As I’ve grown older, spontaneity has died a gruesome death. If my schedule is left open to impetuosity, nothing gets done. Nothing except perhaps hours trying to defeat mahjong on my tablet. If left with even an hour of unplanned time, I flail with confusion until I find some way to fritter away those strange and empty moments. What am I supposed to do with impromptu minutes that I didn’t see coming?
Even worse is if my daily routine is thrown off in some way. If dragged from my work/play/meditation/education, I react with almost violent despair. “How can I do that when I’m not finished with this? Oh the humanity!” Felt with all the horror of watching Sharknado. Yes, it’s that awful.
I don’t know for sure how I got this way, but I have my suspicions. I realize that the last time I was truly comfortable with a loose and open stretch of hours was when I was a teenager. Maybe that era was the exception to my personality’s rule due to crazed adolescent hormones. Not so now. It could be the Asperger’s. Many people on the spectrum feel adrift without a schedule. Maybe it’s age and a part of my psyche is readying for the day when I have to take certain pills at certain times of the day, just like my dear old Grandma and Grandpappy.
All I know for sure anymore is if I don’t have a set activity at such-and-such time, I am lost and in search of breadcrumbs to lead me out of the dark woods. So I have a daily schedule. I adhere to it. And I love it.
I made the schedule during the Christmas break I took from writing. I realized there were many things I wanted to do that I never felt I had time for. My life had pretty much dwindled to writing, walking/running 5 miles a day, getting kiddo’s homework done, and watching Netflix. Woohoo! What fun, huh?
I wanted to get back to meditation and spiritual studies. Reading books. Playing with my child rather than just ushering him through his assignments. Weight training. Drawing. Talking to friends. Studying the subjects that fascinate me. Those kinds of things. Things I enjoy. But where was I going to find all that time?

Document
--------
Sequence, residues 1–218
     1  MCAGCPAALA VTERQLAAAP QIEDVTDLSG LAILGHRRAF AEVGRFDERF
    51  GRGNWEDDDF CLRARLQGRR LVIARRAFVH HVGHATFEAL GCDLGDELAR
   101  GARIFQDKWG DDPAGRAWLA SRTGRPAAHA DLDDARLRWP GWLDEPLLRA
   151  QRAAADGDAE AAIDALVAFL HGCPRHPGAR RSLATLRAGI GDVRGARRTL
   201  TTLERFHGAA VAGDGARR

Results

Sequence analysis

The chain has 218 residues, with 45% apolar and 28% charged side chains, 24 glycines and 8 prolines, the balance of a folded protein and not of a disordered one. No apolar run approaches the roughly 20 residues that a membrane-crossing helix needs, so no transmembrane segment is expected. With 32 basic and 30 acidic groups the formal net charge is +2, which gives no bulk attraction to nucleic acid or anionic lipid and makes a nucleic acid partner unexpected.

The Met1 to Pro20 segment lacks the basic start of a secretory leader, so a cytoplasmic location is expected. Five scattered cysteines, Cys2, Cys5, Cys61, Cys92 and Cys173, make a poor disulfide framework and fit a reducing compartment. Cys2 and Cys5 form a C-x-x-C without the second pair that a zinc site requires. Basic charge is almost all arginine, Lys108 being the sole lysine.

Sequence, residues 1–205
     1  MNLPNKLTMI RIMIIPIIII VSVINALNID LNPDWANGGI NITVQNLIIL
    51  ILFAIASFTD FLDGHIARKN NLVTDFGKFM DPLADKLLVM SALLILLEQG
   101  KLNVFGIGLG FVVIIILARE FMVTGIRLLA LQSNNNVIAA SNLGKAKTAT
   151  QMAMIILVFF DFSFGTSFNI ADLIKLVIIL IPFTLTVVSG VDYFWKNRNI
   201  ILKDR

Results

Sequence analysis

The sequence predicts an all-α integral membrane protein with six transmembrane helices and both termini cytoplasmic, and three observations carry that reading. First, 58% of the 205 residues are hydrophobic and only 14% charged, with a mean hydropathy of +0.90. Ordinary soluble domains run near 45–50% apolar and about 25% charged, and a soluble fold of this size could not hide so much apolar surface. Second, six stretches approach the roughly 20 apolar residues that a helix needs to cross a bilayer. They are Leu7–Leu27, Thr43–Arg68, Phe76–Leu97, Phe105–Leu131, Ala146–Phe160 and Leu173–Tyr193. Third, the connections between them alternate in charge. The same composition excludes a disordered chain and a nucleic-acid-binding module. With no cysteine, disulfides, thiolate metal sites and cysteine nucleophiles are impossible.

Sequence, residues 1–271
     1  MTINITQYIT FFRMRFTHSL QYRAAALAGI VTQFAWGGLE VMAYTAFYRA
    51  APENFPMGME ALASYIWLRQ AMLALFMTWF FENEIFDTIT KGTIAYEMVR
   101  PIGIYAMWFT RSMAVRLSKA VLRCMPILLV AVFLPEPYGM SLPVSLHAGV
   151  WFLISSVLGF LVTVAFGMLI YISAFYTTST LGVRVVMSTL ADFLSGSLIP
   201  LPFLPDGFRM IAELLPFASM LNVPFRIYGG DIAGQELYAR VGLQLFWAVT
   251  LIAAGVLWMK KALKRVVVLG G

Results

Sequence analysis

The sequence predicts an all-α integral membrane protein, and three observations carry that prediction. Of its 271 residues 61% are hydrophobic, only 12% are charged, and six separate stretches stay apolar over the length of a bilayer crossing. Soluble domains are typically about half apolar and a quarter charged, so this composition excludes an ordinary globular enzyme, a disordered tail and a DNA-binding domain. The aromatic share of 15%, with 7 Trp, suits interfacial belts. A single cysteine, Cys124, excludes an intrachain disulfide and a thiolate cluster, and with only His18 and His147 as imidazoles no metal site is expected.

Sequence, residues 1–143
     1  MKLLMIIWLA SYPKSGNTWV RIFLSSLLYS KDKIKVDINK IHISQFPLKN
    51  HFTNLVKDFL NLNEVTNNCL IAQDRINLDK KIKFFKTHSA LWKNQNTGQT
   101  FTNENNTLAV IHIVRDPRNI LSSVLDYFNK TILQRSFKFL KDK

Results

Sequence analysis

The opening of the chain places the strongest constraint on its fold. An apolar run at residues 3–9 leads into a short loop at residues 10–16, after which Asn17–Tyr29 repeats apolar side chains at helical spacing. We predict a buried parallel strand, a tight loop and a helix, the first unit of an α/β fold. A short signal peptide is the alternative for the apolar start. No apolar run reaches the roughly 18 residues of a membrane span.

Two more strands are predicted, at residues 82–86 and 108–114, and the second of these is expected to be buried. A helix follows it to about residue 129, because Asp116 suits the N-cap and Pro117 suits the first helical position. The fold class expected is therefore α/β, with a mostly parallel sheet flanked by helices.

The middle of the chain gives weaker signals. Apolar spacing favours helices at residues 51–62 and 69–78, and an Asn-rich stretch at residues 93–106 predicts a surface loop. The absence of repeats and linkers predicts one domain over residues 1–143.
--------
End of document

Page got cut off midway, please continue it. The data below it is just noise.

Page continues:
It was there, it turned out. I just had to schedule it in. I found time for all of that stuff by first writing down a list of my priorities and figuring out what was most important to me. Once I did that, I figured out how I could plug them all into my week, along with reminding myself that sometimes these things would fall by the wayside. As John Lennon said, “Life is what happens while you’re busy making plans.” I will keep telling myself that there will be days when the schedule falls apart. I will tell myself it’s okay. You may find it funny that I would have to console myself over such a thing, but I’ve discovered Asperger’s can put a spin on unforeseen changes that are downright chaotic. I have to be ready when it happens.
As I write this, I have been on my new schedule for three days. So far, I’m feeling quite wow about it. I am fitting in everything I’ve been wanting to do and never found the time for. It’s awesome. Yes, it’s rigid and I’m feeling like a boring old lady for having to put myself on a routine, but I’m enjoying life a lot more because I’m living a lot more.
I guess I’ll never be spontaneous again, at least not on a regular basis. That sounds so not-fun that my eyes nearly cross to write it. Yet I feel better with my schedule. I feel like I’m making time for fun rather than being at a loss when the opportunity shows up and I don’t know what to do with it. It keeps my aspie brain calm and happy to have a sort of to-do list that I can check off as I go.
I live by a routine. It keeps me sane and productive and joyous. In the end, I guess that’s what matters. My life, my rules. Figure out yours and live happy too.